The average global surface temperature in 2021 was the sixth highest since global records began in 1880 and the 45th consecutive year with temperatures, at least nominally, above the 20th century average, according to the US National Oceanic and Atmospheric Administration (NOAA) Global Climate Report – Annual 2021.
North America experienced its seventh warmest year on record in 2021, with a temperature that was 1.40°C (2.52°F) above average, according to the NOAA. This marks North America’s 25th consecutive year with temperatures, at least nominally, above average.
As detailed in the NOAA Global Climate Report - Annual 2021, the year began with temperatures that were above average across much of northern North America, but this was quickly followed by a strong negative Arctic Oscillation in February that allowed cold Arctic air to reach to the mid-latitudes, causing temperatures to fall below average.
The months of March, and June through October, ranked among North America’s top 10 warmest for each respective month, with June 2021 being the warmest June on record. This came to a head at the end of the month when an extreme heat wave hit the northwestern contiguous US and western Canada.
In Lytton, British Columbia, the temperature recorded on June 29, 2021, was 49.6°C (121.3°F), which was a new national maximum temperature record – and the intense heat was blamed for close to 800 reported deaths and hospitalizations across the region.
Under the Paris Agreement, a legally binding international treaty on climate change, the goal is to keep the rise in average global temperature to well below 2°C (3.6°F) above pre-industrial levels, and preferably limit the increase to 1.5°C (2.7°F). To achieve that goal, global C02 emissions need to be cut by roughly 50% by 2030.
However, reducing emissions to that scale is easier said than done, according to Chris Gottardo, head of global business development, financial institutions, climate change solutions, at Munich Re. Speaking at CatIQ Connect, he shared some “pretty scary numbers” which show that the probability of the world achieving the Paris Agreement’s 2°C (3.6°F) global warming is the same as the world recording 5°C global warming.
“At the moment, the highest probability is that we’re likely to be in a 4°C to 6°C pathway [by 2030] – and you can imagine what that might be like if that turns out to be true,” said the Munich Re leader. “We’re not going to get there. If we think about the current pledges, we are not going to get under 2%. We’re not going to get anywhere near 1.5%. It’s more like 4%.”
One way of looking at this is that the world needs to drastically reduce the amounts of manmade emissions, predominately in the energy sector. As Gottardo pointed out, there has been lots of pressure in recent years from various net zero alliances and NGO communities to expedite the phase out of fossil fuels.
“We like to think of it in a slightly different way,” he said, referring to some of the public statements that Munich Re CEO Joachim Wenning made at COP26, and the global reinsurer’s publicly accessible Climate Ambition 2025. “It’s about looking at negative emissions. It’s about a massive investment in the removal, through various technologies, of C02 from the atmosphere.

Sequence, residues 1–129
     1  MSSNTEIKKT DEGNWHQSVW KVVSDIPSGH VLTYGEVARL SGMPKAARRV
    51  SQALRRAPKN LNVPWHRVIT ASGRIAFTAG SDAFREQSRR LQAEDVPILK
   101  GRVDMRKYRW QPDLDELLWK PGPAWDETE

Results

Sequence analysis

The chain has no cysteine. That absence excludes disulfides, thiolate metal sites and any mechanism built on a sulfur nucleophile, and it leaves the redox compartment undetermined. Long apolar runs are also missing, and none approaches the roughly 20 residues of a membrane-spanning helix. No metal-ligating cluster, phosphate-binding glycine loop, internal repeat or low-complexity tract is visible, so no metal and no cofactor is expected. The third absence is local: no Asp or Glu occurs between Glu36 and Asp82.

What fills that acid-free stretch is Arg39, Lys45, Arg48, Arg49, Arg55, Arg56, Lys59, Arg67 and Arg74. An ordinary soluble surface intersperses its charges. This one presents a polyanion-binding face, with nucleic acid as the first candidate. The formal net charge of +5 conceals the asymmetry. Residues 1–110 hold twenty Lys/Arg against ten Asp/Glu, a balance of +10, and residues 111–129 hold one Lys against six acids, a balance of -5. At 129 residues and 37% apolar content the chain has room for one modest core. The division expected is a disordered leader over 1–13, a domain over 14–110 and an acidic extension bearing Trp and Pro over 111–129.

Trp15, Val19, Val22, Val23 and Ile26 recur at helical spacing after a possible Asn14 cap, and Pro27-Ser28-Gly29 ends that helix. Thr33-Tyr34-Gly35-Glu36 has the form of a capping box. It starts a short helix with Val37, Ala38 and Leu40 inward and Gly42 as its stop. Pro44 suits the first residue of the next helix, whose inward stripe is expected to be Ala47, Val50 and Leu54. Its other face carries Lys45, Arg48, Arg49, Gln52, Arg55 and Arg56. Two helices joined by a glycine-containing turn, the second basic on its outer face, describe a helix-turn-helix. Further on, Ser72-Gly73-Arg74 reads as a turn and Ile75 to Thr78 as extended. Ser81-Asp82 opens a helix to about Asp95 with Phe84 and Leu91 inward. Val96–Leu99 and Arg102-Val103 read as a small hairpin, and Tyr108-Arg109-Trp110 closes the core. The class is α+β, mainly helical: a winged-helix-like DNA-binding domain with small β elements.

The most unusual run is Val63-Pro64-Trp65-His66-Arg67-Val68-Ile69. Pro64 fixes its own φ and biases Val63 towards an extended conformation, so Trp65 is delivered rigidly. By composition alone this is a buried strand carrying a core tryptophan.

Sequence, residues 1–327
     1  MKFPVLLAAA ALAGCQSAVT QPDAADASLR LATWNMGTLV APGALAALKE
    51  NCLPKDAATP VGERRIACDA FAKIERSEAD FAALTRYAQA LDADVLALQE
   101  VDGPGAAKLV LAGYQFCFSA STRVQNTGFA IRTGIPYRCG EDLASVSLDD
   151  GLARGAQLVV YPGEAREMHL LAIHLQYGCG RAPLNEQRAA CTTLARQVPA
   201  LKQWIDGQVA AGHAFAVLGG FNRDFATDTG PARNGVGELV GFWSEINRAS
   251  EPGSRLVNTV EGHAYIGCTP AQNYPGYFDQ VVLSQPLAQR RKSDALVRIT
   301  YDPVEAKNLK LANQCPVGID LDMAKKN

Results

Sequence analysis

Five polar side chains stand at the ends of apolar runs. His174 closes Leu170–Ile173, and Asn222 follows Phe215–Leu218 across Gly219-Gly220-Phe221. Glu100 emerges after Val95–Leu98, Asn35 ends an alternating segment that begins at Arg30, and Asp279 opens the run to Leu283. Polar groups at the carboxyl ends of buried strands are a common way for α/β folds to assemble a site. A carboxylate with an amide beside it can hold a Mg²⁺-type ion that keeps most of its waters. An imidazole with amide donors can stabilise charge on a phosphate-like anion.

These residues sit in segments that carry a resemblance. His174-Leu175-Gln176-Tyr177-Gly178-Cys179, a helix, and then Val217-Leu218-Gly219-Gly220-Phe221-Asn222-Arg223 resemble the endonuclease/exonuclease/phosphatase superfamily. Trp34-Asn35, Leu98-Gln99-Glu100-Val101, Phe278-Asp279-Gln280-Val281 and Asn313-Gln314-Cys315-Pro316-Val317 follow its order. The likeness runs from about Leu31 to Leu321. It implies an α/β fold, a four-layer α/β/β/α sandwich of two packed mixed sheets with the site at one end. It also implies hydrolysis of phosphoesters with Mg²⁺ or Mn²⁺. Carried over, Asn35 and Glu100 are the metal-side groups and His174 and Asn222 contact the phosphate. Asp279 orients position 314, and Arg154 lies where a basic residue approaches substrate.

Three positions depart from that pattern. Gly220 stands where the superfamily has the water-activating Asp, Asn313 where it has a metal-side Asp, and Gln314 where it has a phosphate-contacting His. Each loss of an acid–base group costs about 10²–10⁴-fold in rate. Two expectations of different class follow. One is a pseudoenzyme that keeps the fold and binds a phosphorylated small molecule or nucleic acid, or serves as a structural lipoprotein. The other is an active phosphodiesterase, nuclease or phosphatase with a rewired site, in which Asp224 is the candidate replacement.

“Now, some of the technology doesn’t exist yet, or it’s very early stage, but thinking about not just the risks that we’re trying to avoid here, but what are the new business opportunities as we look at new technologies to try to tackle this huge issue that we’ve got in front of us?”
There are multiple business risks associated with climate change and how companies respond to it. First and foremost, there are the physical risks that present significant property exposures.
Gottardo explained that even a small change in temperature can make a significant difference to natural hazard risk, triggering events like extreme rainfall, more intense hailstorms, increased tornado risk, and wildfires – all of which have been seen in greater frequency and severity across North America in recent years.
“As for hurricane risk, with the warmer temperatures in the sea, that increases the intensity of a hurricane. It pushes them further inland, it gives them more strength, so that they’re going to be sitting overland for longer periods of time - and the amount of risk and flood damage associated with that will also increase,” said Gottardo. “There are some studies to say that while they will become more intense, they may become less frequent.
“Sea level rise is obviously an issue, coastal erosion, and combine that with storm surge - that’s also a significant risk. And obviously you’ve got your ice melt-related risks in your part of the world. So, quite a number of natural disasters are likely to increase through the increase in the temperature of the Earth.”
Beyond the physical risks associated with extreme climate-related events, Gottardo also highlighted transitional risks and liability risks during his keynote speech at CatIQ Connect.
He said it’s important to consider the reporting and disclosure of risks within an organization, adding: “Transitional risk is obviously very important as well. That’s the risk of a stranded asset. If there’s a shift from an asset that may have been used in the old carbon-intensive economy [and it] gets left behind [and] its useful life is curtailed, there’s a transition risk there.
“Liability risk is one that’s often understated - one that at Munich Re we’re spending a lot of time on gathering information on. This will be the risk that will come and hurt some people sometime soon. It is the risk related to legal claims against climate-related activity or failing to do something and someone attributing a particular event to your lack of action.”